The issue of the effect of merging NI and income tax on pensions is an excellent question. The obvious first stage reform would be to have a different income tax rate for pensions. It would make the system a little more complicated, but still *vastly* simpler than the gordian knot we have now.

    In future, there will be the vexed question of whether changes to the rate of income tax would apply equally to both pensions and earned income. We might end up with a Chancellor bringing in different increases/decreases for the two, which would create some interesting politics. But whatever is done, it would also be far more transparent than the smoke and mirrors that goes on in budgets today.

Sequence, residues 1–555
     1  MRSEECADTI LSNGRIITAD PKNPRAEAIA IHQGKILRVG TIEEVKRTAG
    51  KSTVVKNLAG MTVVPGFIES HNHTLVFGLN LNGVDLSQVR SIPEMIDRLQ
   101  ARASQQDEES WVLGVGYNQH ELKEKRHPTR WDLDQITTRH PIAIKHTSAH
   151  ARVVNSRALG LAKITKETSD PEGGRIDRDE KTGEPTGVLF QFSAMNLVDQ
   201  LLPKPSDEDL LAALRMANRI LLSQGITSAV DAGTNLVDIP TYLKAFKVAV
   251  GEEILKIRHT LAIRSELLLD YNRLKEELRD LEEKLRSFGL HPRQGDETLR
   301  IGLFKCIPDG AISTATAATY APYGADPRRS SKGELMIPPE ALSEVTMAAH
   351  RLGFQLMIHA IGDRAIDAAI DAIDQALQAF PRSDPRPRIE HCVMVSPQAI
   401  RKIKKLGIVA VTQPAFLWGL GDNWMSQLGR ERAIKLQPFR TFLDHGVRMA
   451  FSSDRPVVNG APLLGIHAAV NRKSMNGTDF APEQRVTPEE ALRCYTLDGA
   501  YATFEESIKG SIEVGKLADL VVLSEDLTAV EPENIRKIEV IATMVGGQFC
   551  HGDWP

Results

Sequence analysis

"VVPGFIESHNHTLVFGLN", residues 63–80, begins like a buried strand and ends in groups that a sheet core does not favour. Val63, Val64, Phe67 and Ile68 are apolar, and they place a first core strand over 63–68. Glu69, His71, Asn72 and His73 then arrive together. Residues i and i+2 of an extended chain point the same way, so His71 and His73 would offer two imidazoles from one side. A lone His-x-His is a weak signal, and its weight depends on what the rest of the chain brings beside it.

• Oap Ensioner 18th Mar '11 - 2:53pm

    Pensioners (state and occupation) do not pay National Insurance on their pensions. Increasing income tax would hit them more than any other sector of the population.

  • Margaret Jensen 21st Mar '11 - 10:34pm

    Pension and savings are taxed at 20%. Public service pensions were frozen last year.The enhanced age allowances for over-65s are clawed back from any income over £22,000. The change to a 32% tax rate would mean pensioner incomes cut by 12%. Any M.Ps volunteering a 12% cut in salary? Thought not.